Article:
As a retired teacher, I've always been drawn to the myriad ways we can help children learn and grow. Recently, I've been delving into the world of neurodivergent therapy, specifically the creative side of things.
As a neurodivergent person who was undiagnosed until (well) into my adult years, I had to find ways to fit in with society and make sense of the world around me.
One of my coping mechanisms was using puppetry as a form of self expression and way to share my unique view of the world and sense of humour. I remember driving my 3 sisters crazy with my constant puppet shows and 'jokes'..!
Recently I found a study that piqued my interest. It's about using comedy and theatre workshops to explore humor with adolescents on the autism spectrum. You might be wondering, "What does this have to do with puppetry?" Well, let's dive in!
The study, titled "Autism and comedy: using theatre workshops to explore humour with adolescents on the spectrum", offers a fresh perspective on autism and humor.
Led by Shaun M. May, the researchers worked with a group of teenagers, some of whom were on the autism spectrum. They discovered that humor can be a powerful tool for self-expression and understanding. Interestingly, they found that the humor of autistic individuals might be different, not deficient, compared to neurotypical individuals. Traits often associated with autism, such as social anxiety, literal thinking, and inflexibility, were found to open up different possibilities of being funny, rather than being barriers to humor.
One of the key takeaways from the study is the idea of "maximisation" rather than "normalisation". This means that instead of trying to make the autistic participants appear "normal", the project aimed to enhance their capabilities as autistic individuals. The researchers argue that being exceptionally "normal" is not necessarily conducive to being exceptionally funny. Instead, the key to finding one's comic voice is to figure out what is unique and interesting about oneself and then work with that.
The study also explored the concept of "awkwardness" in both stand-up and clowning, suggesting that awkward physicality can be an effective comedic tool. For instance, one participant's physicality in a warm-up was noted as having a comedic quality reminiscent of Mr. Bean's dancing. Another participant's material about visiting an art gallery, in which her physicality combined effectively with her material criticizing people who do not respect personal space, was also highlighted.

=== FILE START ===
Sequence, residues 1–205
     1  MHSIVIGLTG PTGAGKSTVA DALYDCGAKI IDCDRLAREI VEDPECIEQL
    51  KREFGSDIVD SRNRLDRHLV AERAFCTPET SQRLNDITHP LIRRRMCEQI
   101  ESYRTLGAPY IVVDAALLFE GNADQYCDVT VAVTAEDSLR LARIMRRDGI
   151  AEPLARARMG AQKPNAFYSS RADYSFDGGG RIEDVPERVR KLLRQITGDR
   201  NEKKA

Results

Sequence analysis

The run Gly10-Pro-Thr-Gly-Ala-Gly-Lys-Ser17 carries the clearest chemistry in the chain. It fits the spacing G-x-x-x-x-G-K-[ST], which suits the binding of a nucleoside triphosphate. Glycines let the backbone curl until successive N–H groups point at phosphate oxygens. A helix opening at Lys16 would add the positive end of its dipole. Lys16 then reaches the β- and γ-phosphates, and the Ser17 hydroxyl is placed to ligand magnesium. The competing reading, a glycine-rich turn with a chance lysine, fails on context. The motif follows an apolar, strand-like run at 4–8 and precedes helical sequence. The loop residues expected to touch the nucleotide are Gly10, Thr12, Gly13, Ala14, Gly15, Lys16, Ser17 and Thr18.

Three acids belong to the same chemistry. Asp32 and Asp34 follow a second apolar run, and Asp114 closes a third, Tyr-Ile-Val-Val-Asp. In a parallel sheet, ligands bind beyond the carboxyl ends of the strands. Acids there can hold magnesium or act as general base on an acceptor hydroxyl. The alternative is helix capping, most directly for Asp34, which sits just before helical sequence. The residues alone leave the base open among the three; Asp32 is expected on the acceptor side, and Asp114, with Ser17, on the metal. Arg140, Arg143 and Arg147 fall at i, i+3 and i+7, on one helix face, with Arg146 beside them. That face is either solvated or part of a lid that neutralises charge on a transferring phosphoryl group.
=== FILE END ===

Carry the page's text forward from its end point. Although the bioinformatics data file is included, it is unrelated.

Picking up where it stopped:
Now, let's bring puppetry into the mix. Just like comedy, puppetry can provide a platform for self-expression and creativity. Imagine a puppetry workshop where neurodivergent individuals can explore their unique sense of humor and express their individuality. It could be a space where they can be themselves, laugh, and make others laugh too!
And who knows, maybe we'll find that puppetry opens up even more avenues for humor and self-expression. After all, puppets can do things we humans can't, like elongate their neck or pull endless handkerchiefs out of their sleeves. Now, if that's not a recipe for laughter, I don't know what is!
But it's not just about the laughs. It's about understanding and appreciating the unique perspectives that neurodivergent individuals bring to the table. The study emphasizes the importance of seeing autism not as a deficit, but as a difference. It challenges the idea that there's a 'normal' baseline that everyone should strive for. Instead, it celebrates the unique and interesting qualities that each individual possesses.
This is a powerful message that we can all take to heart. Whether it's in a comedy workshop, a puppet show, or just everyday life, it's important to celebrate our unique qualities and perspectives.
And this is where Pubbets comes in. Pubbets is a company that creates hand puppets with a mission to bring joy and learning to children around the world. One of their puppets, Marvin Junior, is a lovable character who can help children explore their creativity and express their unique sense of humor.
Another puppet, Grumplesnoot, is a storytime monster puppet who loves to share stories and spark imagination. With these puppets, children can create their own stories, jokes, and worlds, allowing them to explore their creativity and individuality.
In conclusion, the world of neurodivergent therapy is a fascinating one, full of potential and discovery. Whether it's through comedy workshops, puppetry, or other creative outlets, there's so much we can do to support and celebrate neurodivergent individuals. So let's continue to explore, learn, and most importantly, laugh together. After all, laughter is a universal language that we all share.